We return to Shuhada Street, eerily empty. The stretch we're now on features red tile sidewalks and quaint street lamps, part of a renovation funded by the international community and USAid in 1997. These vestiges of past optimism contrast with the metal mesh "cages" that enclose the balconies of four houses where Palestinians continue to live. They can’t leave their homes through the front because the doors are bolted from outside. They have to use windows at the backs of their apartments and go from roof to roof.
The second largest city in the West Bank (population ca. 150,000), Hebron is the southernmost of the Palestinian cities built on the water divide of the central mountain range. It is the only one containing Israeli settlements. Its chief claim to fame, for the last two millennia, has been a magnificent structure built by Herod the Great to honor the putative tombs of Abraham and Sarah, Isaac and Rebecca, Jacob and Leah. After the Arab conquest of 640 CE, the building was adapted as a mosque, called the Ibrahimi.
At the end of the 16th century Jews moved into Hebron, where they lived in relative harmony with their Palestinian neighbors until, in the 1920's, the Zionist movement began to loom as a threat to future Arab sovereignty. This perception formed the underlying motive for the atrocity of 1929. Jordan took the city during the 1948 war. In 1967 Israel conquered it. A year later came the Jewish settlers, who foiled government attempts to remove them by appealing to the fact that Jews had lived here and been massacred. As a compromise, the Labor government founded a new settlement called Kiryat Arba east of the city near the Patriarchs' Tomb. Within the larger context, this proximity was a recipe for disaster: armed Jews from the settlement – in Palestinian eyes, representatives of the Occupation – went regularly to worship at the Tomb, where parts of the mosque had been converted into two synagogues.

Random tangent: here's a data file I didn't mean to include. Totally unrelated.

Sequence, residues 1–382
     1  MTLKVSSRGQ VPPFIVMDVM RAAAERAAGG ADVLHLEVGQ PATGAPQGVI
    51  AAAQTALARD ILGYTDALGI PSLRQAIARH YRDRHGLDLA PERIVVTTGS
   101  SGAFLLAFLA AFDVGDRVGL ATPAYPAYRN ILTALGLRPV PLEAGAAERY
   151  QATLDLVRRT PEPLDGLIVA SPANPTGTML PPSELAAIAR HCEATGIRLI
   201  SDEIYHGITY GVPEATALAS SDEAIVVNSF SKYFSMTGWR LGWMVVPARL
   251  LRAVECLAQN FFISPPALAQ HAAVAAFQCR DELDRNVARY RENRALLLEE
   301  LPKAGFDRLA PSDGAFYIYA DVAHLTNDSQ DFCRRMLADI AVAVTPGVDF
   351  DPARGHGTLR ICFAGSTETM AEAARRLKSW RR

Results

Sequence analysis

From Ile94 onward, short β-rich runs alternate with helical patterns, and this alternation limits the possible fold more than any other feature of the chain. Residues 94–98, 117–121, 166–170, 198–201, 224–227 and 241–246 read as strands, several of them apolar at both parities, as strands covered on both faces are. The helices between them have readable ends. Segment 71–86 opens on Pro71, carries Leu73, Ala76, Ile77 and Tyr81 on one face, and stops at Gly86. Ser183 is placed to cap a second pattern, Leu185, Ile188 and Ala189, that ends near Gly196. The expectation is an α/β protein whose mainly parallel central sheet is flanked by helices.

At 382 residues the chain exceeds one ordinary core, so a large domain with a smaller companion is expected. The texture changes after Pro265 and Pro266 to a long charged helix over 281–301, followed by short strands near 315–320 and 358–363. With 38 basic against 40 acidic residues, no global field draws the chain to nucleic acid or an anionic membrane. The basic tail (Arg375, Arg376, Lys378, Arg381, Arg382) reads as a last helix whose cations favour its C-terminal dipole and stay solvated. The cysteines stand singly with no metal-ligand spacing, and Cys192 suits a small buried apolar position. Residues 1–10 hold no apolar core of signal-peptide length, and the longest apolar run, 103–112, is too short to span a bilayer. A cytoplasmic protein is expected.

In 1979 a group of women and children sneaked into a former Jewish property on Shuhada Street called Hadassah House. The government of Menahem Begin did not dare remove them. One Sabbath eve in 1980, when a group of Jewish men made their regular festive procession from the Patriarchs' Tomb to Hadassah, Palestinians attacked and killed six of them. Begin then allowed the husbands to join the women and children at Hadassah House, thus establishing the first Jewish settlement in a Palestinian city. Others followed.
February 1994. In an attempt (arguably successful) to derail the recent Oslo Accords, Dr. Baruch Goldstein descended from Kiryat Arba to the Patriarchs' Tomb during Muslim Ramadan prayers. He murdered 29 worshippers and wounded another 120 before being killed by the survivors. The ensuing shock provided Prime Minister Yitzhak Rabin with a justification for extracting the troublesome settlements from the heart of the city (there was even a plan to this effect), but he got cold feet, putting the Palestinians under curfew instead. Goldstein's grave in Kiryat Arba has since been a focus of settler pilgrimage.